Trump’s Trade War Proves That a WTO Brexit is Nothing to Fear

Donald Trump has smashed America’s erstwhile pro-trade consensus by placing tariffs on both alleged economic rivals as well as long time allies. While the trade war has been counterproductive, it has not resulted in the kinds of horrors that pro-EU politicians in Britain claim will occur in the event of a WTO Brexit or as pro-EU politicians call it, a “no deal Brexit”. Donald Trump has internationally made it more difficult for certain foreign products to enter the US whilst many countries have erected reciprocal tariffs which make it more difficult for American producers to export their goods abroad.

But while this policy is foolish, it has not resulted in medical shortages in the US or anywhere else, it has not resulted in starvation, it has not resulted in a disruption of the general flow of both necessary and luxury items and it has not changed life for the vast majority of Americans. Of course, certain sectors in the US have been hit hard by the trade war, noticeably American farmers. But one must remember that this occurred because Donald Trump internationally took measures that inevitably led to foreign markets cutting off the supply of US agricultural goods as a means of retaliation.

By contrast, one of the few things that unites most Brexiteers and most Remainers in Britain is that each side if pro-trade. The differences is that whilst Remainers are content with trading freely only among EU nations in addition to a few non-EU states that have struck FTAs (free trading agreements) with Brussels, Brexiteers tend to advocate for free trading agreements throughout the world, as opposed to limiting agreements that would bind Britain to the increasingly parochial stance on trade taken by “fortress Europe”.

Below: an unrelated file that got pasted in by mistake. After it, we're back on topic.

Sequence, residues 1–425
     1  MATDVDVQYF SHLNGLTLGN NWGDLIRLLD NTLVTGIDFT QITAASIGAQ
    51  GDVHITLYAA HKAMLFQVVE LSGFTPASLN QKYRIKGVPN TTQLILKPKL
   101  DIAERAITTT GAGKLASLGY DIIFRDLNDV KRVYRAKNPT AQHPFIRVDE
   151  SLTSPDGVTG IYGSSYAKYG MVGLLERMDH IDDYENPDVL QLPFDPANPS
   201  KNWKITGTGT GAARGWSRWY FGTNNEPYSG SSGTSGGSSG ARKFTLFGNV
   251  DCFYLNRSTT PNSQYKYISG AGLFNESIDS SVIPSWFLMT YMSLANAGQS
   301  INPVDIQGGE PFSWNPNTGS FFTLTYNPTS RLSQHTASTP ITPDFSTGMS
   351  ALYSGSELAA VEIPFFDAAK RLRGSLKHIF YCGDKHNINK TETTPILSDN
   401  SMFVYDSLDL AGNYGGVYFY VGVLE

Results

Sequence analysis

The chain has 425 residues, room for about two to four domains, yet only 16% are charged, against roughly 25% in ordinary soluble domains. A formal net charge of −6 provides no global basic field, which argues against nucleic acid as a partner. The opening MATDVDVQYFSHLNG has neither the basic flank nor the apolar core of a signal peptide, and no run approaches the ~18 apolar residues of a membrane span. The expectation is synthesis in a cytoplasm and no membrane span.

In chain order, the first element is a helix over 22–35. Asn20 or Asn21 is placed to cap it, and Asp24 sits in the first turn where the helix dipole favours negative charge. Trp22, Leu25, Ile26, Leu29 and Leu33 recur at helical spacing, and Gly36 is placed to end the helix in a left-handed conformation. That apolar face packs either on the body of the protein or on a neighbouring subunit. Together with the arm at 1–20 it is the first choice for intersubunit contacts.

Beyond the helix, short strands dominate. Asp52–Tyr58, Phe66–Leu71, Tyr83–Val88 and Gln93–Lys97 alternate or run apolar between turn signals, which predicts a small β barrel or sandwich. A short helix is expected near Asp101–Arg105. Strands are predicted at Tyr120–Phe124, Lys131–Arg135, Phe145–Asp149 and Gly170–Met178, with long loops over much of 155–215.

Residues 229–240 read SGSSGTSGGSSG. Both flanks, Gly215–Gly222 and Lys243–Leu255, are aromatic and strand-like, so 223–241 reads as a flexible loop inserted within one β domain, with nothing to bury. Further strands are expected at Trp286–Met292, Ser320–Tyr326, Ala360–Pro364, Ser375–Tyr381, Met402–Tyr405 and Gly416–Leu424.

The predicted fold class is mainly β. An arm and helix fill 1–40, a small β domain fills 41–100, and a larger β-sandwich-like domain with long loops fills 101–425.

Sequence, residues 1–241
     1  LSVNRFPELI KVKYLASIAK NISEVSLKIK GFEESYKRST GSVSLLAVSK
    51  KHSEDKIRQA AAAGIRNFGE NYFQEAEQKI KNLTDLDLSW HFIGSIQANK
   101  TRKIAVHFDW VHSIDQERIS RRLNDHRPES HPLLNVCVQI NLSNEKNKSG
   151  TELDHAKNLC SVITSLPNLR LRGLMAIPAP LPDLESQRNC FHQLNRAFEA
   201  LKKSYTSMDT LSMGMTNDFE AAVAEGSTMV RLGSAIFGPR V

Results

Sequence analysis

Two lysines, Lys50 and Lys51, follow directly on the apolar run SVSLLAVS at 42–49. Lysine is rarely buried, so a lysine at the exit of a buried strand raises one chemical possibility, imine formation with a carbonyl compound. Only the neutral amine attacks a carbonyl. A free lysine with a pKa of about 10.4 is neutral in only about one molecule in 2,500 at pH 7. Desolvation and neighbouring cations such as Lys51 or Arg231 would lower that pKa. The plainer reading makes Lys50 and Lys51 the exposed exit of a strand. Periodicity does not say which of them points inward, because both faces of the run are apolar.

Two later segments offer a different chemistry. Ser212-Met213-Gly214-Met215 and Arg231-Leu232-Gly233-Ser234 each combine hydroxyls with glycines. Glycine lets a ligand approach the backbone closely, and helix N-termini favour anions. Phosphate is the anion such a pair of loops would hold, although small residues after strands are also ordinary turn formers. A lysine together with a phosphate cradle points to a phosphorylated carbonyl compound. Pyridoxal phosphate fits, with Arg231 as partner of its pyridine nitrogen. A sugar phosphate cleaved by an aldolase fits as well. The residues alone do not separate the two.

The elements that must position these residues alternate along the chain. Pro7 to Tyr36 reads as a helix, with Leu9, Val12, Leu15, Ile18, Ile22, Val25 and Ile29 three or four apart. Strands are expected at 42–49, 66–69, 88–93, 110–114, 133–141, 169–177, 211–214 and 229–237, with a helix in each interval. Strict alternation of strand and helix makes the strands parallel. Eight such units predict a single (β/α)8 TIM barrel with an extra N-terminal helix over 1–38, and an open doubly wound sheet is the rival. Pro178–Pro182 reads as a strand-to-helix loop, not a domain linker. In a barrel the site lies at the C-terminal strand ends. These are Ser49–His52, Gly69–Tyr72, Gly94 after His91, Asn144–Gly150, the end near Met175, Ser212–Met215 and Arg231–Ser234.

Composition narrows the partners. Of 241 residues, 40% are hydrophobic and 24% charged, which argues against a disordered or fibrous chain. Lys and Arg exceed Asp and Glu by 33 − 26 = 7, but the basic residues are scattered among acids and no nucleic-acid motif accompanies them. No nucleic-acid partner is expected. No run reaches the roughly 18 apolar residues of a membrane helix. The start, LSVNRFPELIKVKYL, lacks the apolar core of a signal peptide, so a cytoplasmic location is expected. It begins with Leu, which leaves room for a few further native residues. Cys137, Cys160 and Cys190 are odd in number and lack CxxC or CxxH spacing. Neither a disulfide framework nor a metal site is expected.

As such, an exit from the European Union would not see Britain adopting Trump style policies on trade but would see the UK signing ever more FTAs with the wider world, including potentially with both the United States and China – the world’s two largest economies. It is a further irony that whilst Donald Trump wants to tear apart many existing FTAs signed by the US, he and his colleagues have openly stated that the US is eager to sign an FTA with Britain once it exits the EU and the EU’s customs union which prevents the signing of independent bilateral FTAs.

It must be said that some UK businesses will go through a period of adjustment assuming that the EU does not rapidly sign an FTA in the aftermath of a WTO Brexit. That being said, because the UK will almost certainly create new free trading opportunities in the event of a WTO Brexit, this adjustment period will be far less burdensome to certain sectors of the UK economy than the Trump trade war has been to American farmers. Furthermore, with the billions of pounds that the British government will save in the event of a WTO Brexit (under a negotiated deal the UK will have to pay Brussels £39 billion), some or even all of this money can be used to help certain businesses re-calibrate themselves in a dynamic post-EU era.

Taken as a whole, Trump’s trade war which has been reckless by design has not dramatically changed the life of most American. Because of this, it is ludicrous to suggest that a WTO Brexit predicated on a willingness and enthusiasm for more rather than less free trade around the world will result in the crisis of Biblical proportions that Remainers engaged in “project fear” would lead people to believe.

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